"Do we need to give the Indianapolis police department more power and authority to help to enforce these areas?" he said. "We need to address it because it's putting a black eye on everything we're trying to do in convention and tourism, but more importantly, it's putting a black eye on this great city and people's lives."
The ATC did not respond to questions from IndyStar about what improvements, if any, they have in the works.
IndyStar's investigation found alcohol enforcement actions have fallen steeply at the agency over the past decade. The number of violations issued, for example, has declined by about 80% since 2014.
City officials said the ATC has made some recent changes.
First, the agency detailed two officers from its enforcement arm, the Indiana State Excise Police, to IMPD's Nuisance Abatement Task Force. The excise officers will work out of the unit's offices on Keystone Avenue and will receive IMPD laptops and radios. The hope is that closer coordination will help tamp down on the violence.
Second, the ATC has changed its policy regarding what had been virtually automatic 90-day extensions on liquor licenses. Details about of the new policy are unclear, but it is already facing pushback from attorneys who represent bar owners.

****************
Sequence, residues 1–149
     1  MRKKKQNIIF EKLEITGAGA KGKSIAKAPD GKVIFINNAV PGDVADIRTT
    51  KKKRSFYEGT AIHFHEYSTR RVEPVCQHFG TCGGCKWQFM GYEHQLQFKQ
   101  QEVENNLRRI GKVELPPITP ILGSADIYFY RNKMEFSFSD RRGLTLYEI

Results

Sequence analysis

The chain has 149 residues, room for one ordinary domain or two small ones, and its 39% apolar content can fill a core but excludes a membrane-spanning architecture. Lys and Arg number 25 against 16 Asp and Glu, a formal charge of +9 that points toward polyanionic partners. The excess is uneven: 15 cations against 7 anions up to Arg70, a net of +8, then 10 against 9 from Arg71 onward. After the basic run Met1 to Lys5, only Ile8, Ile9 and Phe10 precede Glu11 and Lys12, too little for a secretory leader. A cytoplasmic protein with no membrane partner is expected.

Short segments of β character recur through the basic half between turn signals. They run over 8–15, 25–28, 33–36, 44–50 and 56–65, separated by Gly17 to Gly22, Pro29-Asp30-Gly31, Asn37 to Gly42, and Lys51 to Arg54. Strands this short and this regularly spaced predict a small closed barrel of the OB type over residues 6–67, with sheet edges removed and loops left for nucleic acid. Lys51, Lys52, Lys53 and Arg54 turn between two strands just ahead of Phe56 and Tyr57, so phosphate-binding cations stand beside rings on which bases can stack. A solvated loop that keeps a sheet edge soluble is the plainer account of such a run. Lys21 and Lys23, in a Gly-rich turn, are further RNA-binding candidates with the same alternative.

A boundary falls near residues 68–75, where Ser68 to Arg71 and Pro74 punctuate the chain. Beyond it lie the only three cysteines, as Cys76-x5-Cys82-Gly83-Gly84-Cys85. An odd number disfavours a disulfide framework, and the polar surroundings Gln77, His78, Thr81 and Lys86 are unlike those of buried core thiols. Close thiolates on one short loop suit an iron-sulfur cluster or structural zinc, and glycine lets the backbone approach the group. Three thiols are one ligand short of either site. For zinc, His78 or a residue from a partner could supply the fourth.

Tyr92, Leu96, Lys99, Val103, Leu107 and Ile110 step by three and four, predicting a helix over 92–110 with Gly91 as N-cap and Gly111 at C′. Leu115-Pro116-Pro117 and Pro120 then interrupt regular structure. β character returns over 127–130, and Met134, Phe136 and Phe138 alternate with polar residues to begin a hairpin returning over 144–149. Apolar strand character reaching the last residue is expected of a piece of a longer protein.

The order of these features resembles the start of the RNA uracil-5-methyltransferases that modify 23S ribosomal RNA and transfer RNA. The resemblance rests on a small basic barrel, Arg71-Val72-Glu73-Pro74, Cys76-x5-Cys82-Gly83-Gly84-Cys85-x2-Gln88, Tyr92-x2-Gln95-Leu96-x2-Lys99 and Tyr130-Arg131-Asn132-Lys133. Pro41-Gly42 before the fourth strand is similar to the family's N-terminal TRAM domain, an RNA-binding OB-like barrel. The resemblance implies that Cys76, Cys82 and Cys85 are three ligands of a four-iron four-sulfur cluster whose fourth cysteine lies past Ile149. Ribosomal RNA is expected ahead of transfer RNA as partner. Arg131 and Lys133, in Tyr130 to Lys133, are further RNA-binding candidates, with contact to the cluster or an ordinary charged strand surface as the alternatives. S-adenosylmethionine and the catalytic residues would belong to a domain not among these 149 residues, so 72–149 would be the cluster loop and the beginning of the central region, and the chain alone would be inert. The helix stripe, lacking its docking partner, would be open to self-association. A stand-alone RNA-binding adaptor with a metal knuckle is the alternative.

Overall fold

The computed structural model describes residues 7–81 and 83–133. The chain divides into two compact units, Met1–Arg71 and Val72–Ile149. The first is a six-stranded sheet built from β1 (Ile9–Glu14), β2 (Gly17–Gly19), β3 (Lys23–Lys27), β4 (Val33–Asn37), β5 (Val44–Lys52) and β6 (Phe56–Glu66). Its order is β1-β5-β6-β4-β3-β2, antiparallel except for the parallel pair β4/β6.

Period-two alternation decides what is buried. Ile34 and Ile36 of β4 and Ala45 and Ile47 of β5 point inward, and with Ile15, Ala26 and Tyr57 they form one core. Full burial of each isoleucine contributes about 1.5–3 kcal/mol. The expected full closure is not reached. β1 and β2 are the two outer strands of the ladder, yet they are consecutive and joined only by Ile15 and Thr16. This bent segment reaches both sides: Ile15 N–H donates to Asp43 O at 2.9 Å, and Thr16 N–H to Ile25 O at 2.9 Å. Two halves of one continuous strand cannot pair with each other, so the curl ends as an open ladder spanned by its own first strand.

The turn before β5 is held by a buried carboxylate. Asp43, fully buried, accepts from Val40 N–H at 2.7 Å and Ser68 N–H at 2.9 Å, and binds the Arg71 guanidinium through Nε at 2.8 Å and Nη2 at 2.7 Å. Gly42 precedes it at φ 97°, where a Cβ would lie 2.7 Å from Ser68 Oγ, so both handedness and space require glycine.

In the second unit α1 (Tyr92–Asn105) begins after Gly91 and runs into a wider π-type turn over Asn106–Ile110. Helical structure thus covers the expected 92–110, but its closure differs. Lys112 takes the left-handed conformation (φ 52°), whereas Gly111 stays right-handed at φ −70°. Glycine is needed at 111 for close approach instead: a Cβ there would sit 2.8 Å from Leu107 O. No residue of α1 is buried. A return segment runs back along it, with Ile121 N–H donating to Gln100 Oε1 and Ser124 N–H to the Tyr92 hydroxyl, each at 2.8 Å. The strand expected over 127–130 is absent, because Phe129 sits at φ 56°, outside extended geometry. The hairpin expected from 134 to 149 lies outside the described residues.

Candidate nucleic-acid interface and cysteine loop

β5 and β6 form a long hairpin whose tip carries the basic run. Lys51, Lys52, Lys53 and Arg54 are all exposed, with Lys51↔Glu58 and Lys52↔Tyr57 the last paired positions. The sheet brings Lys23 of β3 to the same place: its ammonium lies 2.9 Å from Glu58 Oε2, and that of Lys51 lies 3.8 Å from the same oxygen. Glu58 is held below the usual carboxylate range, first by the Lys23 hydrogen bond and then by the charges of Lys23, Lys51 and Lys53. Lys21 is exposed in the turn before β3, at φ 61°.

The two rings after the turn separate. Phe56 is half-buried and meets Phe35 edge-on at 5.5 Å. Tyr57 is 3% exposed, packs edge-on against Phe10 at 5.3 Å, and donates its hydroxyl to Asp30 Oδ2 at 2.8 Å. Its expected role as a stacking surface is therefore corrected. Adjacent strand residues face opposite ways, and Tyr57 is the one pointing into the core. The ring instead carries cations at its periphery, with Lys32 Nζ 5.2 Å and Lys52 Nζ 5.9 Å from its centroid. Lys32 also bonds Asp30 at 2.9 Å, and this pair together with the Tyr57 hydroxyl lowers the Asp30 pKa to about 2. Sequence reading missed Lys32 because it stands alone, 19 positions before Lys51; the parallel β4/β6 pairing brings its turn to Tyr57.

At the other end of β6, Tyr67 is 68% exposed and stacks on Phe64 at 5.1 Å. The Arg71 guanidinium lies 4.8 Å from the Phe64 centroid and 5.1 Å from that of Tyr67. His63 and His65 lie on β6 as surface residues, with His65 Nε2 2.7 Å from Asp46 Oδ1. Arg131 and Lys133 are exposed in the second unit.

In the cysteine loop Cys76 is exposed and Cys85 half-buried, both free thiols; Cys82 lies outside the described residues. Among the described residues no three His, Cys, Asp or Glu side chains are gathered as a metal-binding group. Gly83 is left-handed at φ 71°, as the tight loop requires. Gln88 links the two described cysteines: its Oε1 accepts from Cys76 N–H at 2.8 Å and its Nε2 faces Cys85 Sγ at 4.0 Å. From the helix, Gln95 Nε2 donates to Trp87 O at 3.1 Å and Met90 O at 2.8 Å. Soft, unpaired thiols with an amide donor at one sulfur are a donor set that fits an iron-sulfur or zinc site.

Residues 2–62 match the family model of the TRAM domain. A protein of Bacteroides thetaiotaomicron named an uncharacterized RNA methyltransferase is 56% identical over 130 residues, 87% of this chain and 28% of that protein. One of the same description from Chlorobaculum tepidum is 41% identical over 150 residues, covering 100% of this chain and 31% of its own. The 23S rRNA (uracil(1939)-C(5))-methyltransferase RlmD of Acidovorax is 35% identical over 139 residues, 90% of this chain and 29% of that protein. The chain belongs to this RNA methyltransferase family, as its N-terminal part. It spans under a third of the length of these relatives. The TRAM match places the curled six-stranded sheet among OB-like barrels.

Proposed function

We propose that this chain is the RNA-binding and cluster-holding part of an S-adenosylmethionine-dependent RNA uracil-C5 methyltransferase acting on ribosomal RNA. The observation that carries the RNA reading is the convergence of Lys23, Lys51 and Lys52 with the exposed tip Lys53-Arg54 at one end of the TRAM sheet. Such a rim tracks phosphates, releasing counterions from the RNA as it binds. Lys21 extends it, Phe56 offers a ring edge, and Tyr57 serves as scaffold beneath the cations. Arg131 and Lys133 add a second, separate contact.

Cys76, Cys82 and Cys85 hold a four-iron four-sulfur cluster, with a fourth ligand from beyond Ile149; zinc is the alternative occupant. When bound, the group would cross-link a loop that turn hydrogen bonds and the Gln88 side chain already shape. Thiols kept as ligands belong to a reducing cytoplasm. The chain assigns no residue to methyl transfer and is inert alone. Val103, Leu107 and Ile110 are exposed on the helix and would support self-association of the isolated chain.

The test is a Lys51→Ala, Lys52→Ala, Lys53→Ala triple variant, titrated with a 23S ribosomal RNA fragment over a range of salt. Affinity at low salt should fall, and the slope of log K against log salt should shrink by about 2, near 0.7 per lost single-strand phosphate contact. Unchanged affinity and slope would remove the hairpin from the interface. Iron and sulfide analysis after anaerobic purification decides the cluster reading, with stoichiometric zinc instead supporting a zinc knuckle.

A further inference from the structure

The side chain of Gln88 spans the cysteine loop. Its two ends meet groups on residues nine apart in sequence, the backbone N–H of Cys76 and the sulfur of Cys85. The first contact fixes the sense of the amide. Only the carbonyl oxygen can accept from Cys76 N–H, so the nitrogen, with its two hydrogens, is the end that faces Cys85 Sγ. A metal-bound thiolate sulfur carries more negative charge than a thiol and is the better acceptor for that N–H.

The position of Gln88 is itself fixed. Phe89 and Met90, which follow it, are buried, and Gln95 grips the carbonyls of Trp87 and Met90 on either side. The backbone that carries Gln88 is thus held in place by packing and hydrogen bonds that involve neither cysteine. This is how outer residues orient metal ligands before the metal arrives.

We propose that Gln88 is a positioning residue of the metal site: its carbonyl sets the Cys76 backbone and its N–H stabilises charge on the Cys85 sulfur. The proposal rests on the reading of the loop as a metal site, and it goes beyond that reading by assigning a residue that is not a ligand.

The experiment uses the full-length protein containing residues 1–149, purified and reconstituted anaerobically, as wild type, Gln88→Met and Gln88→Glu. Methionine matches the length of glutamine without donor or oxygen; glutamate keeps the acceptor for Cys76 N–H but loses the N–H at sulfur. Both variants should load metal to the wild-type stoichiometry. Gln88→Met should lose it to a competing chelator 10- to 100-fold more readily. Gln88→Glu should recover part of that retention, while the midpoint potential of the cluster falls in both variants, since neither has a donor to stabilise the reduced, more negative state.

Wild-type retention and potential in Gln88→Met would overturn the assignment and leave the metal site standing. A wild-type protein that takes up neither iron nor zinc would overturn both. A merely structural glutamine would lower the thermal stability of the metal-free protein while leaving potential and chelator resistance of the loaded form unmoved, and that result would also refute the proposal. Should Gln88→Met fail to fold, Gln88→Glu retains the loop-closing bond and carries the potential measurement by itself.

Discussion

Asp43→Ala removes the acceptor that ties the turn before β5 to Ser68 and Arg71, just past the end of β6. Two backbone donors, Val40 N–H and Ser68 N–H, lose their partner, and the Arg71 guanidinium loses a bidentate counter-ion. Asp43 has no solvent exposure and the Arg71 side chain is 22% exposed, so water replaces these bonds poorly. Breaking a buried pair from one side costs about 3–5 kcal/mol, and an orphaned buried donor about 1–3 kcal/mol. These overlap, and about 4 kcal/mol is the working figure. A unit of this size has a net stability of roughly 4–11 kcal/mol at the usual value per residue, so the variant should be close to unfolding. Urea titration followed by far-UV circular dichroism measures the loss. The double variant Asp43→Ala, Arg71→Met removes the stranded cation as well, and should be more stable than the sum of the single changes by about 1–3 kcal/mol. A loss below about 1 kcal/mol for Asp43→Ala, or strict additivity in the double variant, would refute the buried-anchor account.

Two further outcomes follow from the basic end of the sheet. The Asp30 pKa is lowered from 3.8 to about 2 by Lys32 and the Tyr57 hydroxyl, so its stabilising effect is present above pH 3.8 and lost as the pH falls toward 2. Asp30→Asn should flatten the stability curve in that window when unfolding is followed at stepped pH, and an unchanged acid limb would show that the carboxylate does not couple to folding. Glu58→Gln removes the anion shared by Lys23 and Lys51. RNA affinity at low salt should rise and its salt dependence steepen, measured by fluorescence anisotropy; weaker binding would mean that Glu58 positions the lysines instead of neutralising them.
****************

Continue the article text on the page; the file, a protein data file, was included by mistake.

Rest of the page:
"We have raised due process issues with this," said Mark Webb, a former ATC executive secretary who represents Club Kalakutah, a west side bar where multiple shootings - one of them fatal - have been reported since 2020.
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Indianapolis officials have welcomed the changes, but say they don't go far enough. The city "still supports a legislative change to grant more local authority to regulate and hold problem licensees accountable," said Mark Bode, a spokesman for Mayor Hogsett.
The Indiana Coalition to Reduce Underage Drinking is also calling for better enforcement after the IndyStar investigation, which documented multiple acts of violence involving underage patrons who never should have been inside bars and clubs in the first place.
"Minors should never be allowed in restricted alcohol environments," said Lisa Hutcheson, the group's director.
"The ATC needs additional officers and resources to be able to engage in alcohol compliance checks for all licenses more than once a year," she said. "There is currently not one officer per county and most officers have multiple counties in their jurisdiction."
She said deputizing local law enforcement to conduct alcohol compliance could alleviate some of the burden on the ATC's 73 excise officers, who are responsible for 15,000 bars, restaurants and stores that sell alcohol.
A tax increase on alcohol, which she said hasn't been raised since 1981, could also support enforcement efforts, she said.
Resistance to reforms
Any efforts to change Indiana's alcohol laws is likely to face stiff resistance. Lawmakers didn't legalize alcohol sales at stores until 2018, largely because of the potential financial impact on liquor stores that feared shoppers would turn to grocery stores instead.